Collage and the archive are things Iâ€™m always thinking about. The notion of the archive sent me down my current path and I used to literally keep all these research binders on given topics, a sort of mini-archive, but it became really tedious and constricting so I threw them all away. Really, who cares about what Iâ€™m looking up when I go to the library, itâ€™s what emerges from that process that is most important. Iâ€™ve become less interested in the literal notion of an archive and the broader ideas they suggest: selection, rejection, context, subjectivity, multiplicity, accumulation, etc. Archives are collages in a way so Iâ€™ve been thinking about that too recently. Practically in how I set up an exhibition, how pieces are displayed and relate to one another and theoretically as a way to think about different types of knowledge and our relentless desire to understand the world.
Photos will not prepare you for Department of the Interior by Tom Dale, nor will the description: a bouncy castle made from black leatherette. But stepping round a corner at Aid & Abet, Cambridge, UK, there it was, roaring with the sound of an air pump, trembling slightly, inviting allcomers.
â€œYou canâ€™t access this piece,â€ says Dale, â€œYou have to imagine that youâ€™re bouncing on it, which is twitching the nerves between the brain and the fingertips.â€ So black leather, as he acknowledges, has never promised so much fun.
This is troublesome. Dale describes the viewing experience as â€œalgebraâ€, in which you gauge your own reaction against those of other people. â€œWhat Iâ€™m interested in is an examination of yourself as well as what we see before us.â€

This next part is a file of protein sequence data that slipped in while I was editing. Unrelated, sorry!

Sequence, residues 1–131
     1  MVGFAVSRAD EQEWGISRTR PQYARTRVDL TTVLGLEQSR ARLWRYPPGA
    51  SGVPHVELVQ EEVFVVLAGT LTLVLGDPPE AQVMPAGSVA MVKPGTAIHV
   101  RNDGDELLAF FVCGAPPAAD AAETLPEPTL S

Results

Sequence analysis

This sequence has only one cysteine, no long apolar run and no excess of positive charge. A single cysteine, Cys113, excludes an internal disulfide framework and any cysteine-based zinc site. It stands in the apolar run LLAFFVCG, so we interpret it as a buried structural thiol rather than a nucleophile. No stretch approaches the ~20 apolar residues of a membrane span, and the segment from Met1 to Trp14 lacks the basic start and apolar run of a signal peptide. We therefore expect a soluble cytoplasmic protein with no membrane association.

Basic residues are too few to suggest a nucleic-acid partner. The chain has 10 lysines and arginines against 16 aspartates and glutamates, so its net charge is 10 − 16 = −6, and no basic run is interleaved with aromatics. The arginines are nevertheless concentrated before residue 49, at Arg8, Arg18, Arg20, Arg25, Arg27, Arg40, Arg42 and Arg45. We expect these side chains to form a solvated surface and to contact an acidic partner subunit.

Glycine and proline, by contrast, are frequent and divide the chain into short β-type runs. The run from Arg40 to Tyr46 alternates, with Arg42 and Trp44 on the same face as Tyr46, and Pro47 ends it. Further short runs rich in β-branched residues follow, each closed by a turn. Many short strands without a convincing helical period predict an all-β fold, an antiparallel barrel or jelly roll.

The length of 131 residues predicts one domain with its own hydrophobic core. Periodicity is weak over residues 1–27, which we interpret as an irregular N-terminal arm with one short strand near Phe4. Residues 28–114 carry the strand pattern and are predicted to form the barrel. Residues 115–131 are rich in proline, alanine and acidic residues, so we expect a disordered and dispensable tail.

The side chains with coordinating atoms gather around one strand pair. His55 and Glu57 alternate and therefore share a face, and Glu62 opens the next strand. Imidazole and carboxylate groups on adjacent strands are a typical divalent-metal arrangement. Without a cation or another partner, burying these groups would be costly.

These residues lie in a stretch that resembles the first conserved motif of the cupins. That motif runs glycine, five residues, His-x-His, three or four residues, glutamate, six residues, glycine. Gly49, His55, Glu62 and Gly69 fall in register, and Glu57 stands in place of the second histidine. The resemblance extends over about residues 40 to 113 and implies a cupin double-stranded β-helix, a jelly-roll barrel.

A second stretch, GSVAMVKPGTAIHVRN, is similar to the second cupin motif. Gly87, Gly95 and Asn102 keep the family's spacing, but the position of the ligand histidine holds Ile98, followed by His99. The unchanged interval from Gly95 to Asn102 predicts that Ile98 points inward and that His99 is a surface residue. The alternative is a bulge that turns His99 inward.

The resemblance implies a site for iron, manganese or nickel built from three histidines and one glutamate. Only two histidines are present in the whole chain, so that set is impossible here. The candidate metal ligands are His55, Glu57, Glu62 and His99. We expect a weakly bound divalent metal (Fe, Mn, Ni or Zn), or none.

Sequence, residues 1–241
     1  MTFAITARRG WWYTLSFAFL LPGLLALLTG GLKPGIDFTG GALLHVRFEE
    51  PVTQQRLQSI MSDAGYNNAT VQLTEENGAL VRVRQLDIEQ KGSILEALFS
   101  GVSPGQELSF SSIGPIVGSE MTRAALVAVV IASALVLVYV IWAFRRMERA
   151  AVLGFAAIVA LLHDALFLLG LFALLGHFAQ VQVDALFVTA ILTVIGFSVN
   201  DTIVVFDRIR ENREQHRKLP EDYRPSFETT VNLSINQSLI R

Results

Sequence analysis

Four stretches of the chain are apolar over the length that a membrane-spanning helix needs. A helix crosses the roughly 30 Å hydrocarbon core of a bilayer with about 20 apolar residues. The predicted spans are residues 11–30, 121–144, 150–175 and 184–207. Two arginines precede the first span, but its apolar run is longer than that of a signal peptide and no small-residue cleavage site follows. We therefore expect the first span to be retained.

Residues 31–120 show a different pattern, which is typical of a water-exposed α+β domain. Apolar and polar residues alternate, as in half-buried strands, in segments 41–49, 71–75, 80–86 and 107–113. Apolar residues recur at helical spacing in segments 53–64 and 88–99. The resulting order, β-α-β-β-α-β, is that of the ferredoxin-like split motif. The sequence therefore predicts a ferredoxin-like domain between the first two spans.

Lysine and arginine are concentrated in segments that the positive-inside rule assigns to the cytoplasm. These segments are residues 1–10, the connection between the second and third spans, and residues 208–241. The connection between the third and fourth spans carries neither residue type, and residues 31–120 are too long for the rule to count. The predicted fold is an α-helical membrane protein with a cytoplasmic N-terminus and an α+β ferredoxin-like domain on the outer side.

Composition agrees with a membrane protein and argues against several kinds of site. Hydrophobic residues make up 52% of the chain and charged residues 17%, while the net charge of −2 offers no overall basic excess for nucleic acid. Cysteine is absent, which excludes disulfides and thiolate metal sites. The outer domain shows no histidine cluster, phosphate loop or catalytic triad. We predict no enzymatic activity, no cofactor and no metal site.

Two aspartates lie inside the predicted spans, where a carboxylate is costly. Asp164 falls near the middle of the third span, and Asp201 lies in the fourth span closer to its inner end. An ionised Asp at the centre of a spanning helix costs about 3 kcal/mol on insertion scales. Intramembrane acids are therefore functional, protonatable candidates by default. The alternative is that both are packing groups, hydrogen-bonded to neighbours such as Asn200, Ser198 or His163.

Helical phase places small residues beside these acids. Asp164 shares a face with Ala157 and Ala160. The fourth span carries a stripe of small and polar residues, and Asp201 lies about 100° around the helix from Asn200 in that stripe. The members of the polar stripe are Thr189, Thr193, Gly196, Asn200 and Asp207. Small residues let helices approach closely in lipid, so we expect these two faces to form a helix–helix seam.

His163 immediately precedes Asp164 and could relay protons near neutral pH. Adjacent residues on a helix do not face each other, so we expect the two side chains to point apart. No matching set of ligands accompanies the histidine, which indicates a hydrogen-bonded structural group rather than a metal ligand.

The London-based sculptor identifies two opposing pleasures at work here. Along with the idea of a kidsâ€™ party, There are he points out â€œS&M overtonesâ€. One is a public activity, the other very private.Â â€œWhat I think is interesting about the work is it traps two opposing forces,â€ he says.
In many ways it is this potential for the tasteless which led to the workâ€™s creation. Dale uses the word â€˜wrongâ€™ as if the castle is a moral error: â€œWhen something is wrong, we are drawn to engage with it. When things are wrong, we want to put them right,â€ he says. â€œWe want to put the house in order.â€
And yet bouncy castles are a fine metaphor for our current circumstances. They represent the soft power which governs most lives in the West. Bright colours and shrieking kids tend to obscure this, but in forbidden leather thereâ€™s no mistaking the work of a hidden hand.
There was nearby another monumental piece in which power was hinted at rather than demonstrated. This was High Noon, a red carpet bearing the footprints of a missile launcher: a cruciform image from the crushed and oily outlines of a very heavy stand.
Research is critical for Dale, and he demonstrates as much with a knowledge of obsolete military hardware. He tells me the imprint of this launcher was for a Thunderbird, developed in the 1950s, the last surface-to-air missile that Britain produced.